The Accountability Lab is making governance work efficiently for the public by supporting active citizens, responsible leaders, and accountable institutions. There have been various approaches around the world to build accountability especially by “naming and shaming” or “finger-pointing” the power-holders. This process has mostly led to an environment of negativity and distrust between different stakeholders. Realizing this, the Accountability Lab is using positive mechanisms and processes for accountability shifting norms to “naming and faming” and building a culture of feedback among stakeholders which ultimately builds trust and an environment conducive to collaboration between citizens, government and other stakeholders.

In Nepal, one of our programs named the Civic Action Team, or CivAcTs previously known as Citizen Helpdesks, has promoted a culture of feedback on issues related to accountability in disaster relief processes, foreign labor migration, and open government through fiscal transparency across 17 districts. The CivAcTs are pioneering citizen feedback, dialogue, and community voice platform which bridges the gap between local community members and power holders creating an enabling environment for collaboration by building trust between them. The CivAcTs is facilitated with minimal outside intervention by trained dedicated group of volunteers, who are active youth from the diverse sectors in the community. Data is gathered by trusted community members called Community Frontline Associates (CFAs), analyzed by the Accountability Lab, and disseminated back to the community in creative in useful ways such as infographics and via local radio stations. Additionally, this feedback is fed up to power holders to amplify communities’ voices in decision-making from the ward to national level. A final step in closing the feedback loop through convening – bringing together communities and local government in facilitated town hall meetings to discuss findings, validate data and co-create solutions to challenges.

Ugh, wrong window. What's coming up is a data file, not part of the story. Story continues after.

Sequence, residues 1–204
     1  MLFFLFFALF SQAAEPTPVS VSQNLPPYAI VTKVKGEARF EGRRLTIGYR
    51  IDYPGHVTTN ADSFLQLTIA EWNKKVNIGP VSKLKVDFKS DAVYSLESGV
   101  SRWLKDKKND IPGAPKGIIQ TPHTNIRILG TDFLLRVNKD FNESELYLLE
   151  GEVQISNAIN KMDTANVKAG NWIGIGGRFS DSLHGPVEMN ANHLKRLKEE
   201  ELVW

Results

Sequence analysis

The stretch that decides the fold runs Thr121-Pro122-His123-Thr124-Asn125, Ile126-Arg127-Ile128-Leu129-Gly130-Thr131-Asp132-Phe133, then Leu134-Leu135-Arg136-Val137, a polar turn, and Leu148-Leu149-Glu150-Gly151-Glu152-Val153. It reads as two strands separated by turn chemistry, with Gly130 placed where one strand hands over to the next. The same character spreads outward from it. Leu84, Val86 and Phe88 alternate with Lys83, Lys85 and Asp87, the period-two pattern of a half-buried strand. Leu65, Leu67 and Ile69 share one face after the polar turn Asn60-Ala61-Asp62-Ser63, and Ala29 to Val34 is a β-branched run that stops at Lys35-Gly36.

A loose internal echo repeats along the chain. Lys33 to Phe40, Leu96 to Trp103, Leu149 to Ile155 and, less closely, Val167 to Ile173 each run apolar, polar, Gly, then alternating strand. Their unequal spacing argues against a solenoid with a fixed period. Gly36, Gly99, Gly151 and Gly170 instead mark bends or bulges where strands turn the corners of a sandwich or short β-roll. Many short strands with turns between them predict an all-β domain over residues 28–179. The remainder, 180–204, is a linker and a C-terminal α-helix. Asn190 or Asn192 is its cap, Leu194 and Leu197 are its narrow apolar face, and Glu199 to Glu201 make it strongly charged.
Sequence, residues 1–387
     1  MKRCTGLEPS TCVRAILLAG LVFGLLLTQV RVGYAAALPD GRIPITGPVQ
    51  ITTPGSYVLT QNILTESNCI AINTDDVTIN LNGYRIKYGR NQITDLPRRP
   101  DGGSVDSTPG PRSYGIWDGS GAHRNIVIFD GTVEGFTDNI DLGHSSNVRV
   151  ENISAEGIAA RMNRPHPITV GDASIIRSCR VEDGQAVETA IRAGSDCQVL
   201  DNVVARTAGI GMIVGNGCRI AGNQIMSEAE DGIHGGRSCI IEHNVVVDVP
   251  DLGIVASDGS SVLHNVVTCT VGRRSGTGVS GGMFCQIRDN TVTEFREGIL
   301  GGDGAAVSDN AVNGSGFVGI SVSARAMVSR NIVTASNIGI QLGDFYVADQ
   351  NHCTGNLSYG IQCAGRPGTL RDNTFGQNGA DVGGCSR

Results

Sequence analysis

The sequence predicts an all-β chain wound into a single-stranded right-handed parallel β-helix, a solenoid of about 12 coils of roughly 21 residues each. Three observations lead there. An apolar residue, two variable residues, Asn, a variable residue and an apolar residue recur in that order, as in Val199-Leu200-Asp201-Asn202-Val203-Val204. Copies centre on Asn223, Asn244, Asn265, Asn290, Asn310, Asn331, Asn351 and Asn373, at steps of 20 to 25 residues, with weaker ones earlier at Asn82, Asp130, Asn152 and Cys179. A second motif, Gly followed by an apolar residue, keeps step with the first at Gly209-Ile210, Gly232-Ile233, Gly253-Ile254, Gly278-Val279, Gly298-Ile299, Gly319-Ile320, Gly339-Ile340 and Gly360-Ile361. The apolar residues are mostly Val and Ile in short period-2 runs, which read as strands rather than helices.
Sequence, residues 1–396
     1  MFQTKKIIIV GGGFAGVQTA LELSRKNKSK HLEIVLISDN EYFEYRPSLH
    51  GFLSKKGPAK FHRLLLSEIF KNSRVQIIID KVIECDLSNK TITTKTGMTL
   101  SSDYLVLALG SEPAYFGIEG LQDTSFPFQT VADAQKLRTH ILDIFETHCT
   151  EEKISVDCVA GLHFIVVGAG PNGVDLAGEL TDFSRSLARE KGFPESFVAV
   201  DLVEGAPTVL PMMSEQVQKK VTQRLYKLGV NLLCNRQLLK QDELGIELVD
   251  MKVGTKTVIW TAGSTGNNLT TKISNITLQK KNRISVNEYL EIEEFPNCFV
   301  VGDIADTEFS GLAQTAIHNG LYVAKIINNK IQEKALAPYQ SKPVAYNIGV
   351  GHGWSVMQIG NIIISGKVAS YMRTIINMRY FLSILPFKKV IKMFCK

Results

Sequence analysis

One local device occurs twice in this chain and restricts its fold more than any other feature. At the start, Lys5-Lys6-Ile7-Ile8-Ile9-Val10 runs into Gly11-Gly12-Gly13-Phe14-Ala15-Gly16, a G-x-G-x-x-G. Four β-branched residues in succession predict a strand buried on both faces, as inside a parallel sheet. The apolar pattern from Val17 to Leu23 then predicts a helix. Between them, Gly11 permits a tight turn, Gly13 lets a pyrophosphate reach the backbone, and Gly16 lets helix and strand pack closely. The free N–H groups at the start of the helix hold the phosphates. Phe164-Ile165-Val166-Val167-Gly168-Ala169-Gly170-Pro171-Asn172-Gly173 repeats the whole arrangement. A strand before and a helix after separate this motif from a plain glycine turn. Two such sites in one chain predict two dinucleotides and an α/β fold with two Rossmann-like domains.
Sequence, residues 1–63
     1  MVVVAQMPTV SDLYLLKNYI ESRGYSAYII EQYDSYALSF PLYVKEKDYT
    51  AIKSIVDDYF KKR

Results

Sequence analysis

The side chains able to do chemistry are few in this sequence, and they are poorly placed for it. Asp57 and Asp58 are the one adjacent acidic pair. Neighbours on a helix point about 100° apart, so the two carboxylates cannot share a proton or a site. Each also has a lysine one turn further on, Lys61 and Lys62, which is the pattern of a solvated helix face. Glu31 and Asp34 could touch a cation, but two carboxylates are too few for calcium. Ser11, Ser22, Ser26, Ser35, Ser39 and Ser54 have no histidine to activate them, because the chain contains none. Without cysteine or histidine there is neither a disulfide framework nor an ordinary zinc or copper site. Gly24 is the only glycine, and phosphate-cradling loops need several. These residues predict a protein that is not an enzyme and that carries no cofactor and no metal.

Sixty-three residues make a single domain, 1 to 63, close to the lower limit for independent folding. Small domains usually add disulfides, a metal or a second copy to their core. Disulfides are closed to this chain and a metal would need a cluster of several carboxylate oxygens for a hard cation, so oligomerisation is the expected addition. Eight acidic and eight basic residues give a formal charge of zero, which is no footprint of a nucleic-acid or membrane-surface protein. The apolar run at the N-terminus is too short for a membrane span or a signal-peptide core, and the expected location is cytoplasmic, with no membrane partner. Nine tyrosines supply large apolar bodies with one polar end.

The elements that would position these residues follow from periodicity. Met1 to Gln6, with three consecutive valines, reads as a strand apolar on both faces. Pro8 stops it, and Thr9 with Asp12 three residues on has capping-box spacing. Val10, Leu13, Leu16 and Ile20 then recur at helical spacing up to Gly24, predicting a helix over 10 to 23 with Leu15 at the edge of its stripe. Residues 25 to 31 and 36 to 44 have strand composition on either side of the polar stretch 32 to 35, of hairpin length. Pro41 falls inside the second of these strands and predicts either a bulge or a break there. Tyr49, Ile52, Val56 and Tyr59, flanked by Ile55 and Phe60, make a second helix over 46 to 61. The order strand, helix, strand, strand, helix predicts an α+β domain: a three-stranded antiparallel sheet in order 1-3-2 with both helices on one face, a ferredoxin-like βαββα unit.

More than 1500 migrant workers go to the Gulf and Malaysia daily from Nepal. Migrant laborers are vulnerable to exploitation, and support services for them and their families are centralized and often inaccessible. Additionally, returnees often need support to re-establish themselves in the local labor force, or to start their own small ventures. After Nepal’s decentralization process and local elections, CivAcTs has supported communities to create feedback and grievance redressal mechanisms for migrant workers at the local level. This blog highlights three key learnings and impact from experiences of bridging the citizen-government gap through CivAcTs particularly, particularly around foreign labor migration.

Read the full article about accountability through feedback by Soni Khanal at FeedbackLabs.